Subsequently, the proteins will be analyzed and identified by mass spectrophotometry, or potentially by MudPIT analyses. The RNA molecules associated will be subjected to high-throughput deep sequencing (Solexa) and bioinformatics analyses . DNAs will be recovered and characterized by RT-PCR, as a control. Moreover, other obvious controls that must be done are the same system without LacO sequences in the arrays, and alternatively without LacI-GFP expression.
For the objective 1 and 2 the research methodology is the same, but the only difference is that for the objective1 we have to target only the arrays in a cell-specific manner, only in developing muscle cells. Several technical options are available for this purpose; one of them is the generation of C. elegans strains that will express the LacI-GFP fused protein under a promoter which is not expressed constitutively as baf-1 but only in muscle cells and prior to the promoter we track for relocation (e.g hlh-1 promoter).
Otherwise, an additional interesting point to assess is the correlation between the transcriptional state and the 3D nuclear location of the promoters we will test. In few studies, the transcription has been shown to be able to precede a genomic loci relocation [11, 24], however it is still unclear whether transcription promotes chromatin movement in general, or whether chromatin movement promotes transcription initiation and/or elongation. Therefore, in a straightforward and classical approach, knowing the relocation time period, we will be able to co-immuno-stain some initiation and elongation factors of transcription, along with the GFP of the arrays from developing muscle cells, prior, pending and posterior to the relocation of the array.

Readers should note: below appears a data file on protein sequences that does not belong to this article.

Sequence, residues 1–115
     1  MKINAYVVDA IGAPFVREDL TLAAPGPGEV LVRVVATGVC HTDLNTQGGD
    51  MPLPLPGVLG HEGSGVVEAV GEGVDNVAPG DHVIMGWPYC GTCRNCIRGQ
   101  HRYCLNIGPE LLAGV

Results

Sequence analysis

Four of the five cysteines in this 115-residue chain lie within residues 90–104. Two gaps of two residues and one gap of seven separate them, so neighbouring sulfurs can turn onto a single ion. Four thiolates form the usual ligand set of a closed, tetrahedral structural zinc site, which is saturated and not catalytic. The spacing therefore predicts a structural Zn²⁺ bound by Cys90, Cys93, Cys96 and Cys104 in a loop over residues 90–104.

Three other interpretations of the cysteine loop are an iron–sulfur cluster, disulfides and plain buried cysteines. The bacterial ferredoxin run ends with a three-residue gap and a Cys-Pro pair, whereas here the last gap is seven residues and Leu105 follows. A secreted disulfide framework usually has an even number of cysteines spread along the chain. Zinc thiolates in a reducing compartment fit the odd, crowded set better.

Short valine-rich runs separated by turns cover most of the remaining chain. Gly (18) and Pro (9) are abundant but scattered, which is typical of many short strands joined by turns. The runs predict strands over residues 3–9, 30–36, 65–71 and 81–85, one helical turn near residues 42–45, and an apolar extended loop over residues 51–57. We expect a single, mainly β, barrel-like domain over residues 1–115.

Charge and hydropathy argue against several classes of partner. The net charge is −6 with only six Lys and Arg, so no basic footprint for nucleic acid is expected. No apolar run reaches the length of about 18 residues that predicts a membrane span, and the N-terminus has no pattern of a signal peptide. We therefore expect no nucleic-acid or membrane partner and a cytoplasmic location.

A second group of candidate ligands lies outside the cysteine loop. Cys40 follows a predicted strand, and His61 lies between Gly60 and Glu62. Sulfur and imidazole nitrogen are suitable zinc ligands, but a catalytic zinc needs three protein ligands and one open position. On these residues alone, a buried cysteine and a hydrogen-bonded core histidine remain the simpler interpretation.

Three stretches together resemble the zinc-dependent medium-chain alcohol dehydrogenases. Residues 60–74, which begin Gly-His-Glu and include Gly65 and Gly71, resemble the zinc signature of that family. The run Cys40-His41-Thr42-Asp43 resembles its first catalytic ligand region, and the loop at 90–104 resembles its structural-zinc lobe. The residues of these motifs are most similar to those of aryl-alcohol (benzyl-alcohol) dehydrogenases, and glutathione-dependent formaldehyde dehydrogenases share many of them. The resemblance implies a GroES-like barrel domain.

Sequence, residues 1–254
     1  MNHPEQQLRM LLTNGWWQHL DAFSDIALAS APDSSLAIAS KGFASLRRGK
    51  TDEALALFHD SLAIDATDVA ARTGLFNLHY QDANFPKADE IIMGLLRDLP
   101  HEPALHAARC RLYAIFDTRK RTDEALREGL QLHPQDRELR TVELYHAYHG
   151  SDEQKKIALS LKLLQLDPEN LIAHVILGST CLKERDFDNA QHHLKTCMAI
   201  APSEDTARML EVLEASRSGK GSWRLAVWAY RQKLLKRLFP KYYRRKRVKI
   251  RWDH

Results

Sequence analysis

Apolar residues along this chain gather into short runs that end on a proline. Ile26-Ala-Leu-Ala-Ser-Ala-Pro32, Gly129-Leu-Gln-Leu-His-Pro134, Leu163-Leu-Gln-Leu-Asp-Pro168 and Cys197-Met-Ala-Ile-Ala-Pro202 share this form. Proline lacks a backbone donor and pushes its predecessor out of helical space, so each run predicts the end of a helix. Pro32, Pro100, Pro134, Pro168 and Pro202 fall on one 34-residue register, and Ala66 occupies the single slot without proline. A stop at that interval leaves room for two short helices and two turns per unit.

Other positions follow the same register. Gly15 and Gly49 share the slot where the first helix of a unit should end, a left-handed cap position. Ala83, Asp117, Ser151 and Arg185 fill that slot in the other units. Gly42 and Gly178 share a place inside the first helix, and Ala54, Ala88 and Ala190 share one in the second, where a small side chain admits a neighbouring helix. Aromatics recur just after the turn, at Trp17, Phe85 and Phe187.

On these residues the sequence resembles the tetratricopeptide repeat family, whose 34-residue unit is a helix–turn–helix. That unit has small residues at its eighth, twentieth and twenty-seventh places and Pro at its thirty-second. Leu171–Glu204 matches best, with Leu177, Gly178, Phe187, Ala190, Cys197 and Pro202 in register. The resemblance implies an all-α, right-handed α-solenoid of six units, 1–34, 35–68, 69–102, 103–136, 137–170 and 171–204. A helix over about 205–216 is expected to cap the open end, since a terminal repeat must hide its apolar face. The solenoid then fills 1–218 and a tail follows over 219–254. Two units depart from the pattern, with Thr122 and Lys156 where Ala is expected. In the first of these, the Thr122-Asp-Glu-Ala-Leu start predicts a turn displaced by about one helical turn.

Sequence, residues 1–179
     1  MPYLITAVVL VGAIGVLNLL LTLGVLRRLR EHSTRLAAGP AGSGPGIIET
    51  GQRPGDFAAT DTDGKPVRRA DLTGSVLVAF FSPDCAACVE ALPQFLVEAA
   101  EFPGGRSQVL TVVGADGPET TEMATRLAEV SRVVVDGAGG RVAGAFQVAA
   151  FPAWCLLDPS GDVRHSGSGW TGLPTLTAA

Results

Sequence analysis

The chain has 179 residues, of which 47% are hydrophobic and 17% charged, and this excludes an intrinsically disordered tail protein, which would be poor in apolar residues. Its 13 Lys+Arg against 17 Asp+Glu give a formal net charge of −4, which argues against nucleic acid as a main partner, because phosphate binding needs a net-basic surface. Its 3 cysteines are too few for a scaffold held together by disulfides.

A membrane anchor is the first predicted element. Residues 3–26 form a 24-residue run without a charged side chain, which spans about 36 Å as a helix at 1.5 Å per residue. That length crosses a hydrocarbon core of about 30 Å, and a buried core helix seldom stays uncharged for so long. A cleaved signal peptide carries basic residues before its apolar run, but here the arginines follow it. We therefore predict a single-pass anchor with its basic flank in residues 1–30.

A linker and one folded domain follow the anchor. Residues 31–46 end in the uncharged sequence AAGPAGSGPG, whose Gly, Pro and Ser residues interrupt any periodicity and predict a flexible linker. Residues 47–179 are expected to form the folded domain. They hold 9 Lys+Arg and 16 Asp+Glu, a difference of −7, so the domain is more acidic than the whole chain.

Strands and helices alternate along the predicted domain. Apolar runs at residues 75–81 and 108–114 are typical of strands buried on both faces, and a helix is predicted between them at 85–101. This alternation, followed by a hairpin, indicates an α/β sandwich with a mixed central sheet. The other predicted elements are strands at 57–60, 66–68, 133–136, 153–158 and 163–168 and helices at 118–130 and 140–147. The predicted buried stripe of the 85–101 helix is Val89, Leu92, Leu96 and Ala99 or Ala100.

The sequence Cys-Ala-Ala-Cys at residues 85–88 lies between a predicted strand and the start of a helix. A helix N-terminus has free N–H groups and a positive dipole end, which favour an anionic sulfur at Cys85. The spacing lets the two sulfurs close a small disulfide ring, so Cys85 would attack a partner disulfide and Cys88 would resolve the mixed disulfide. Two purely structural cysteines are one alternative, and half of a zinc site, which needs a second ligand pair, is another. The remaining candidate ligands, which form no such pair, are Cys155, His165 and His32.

Similarly, histone modifications typical for open or closed promoters, and the phosphorylation status of the RNA pol II C terminus, will be characterized in these three situations, for each promoter of interest.
Step 3. Evaluate the best candidates involved in the promoter repositioning and validate their role in chromatin movement, and their effects on transcription and differentiation.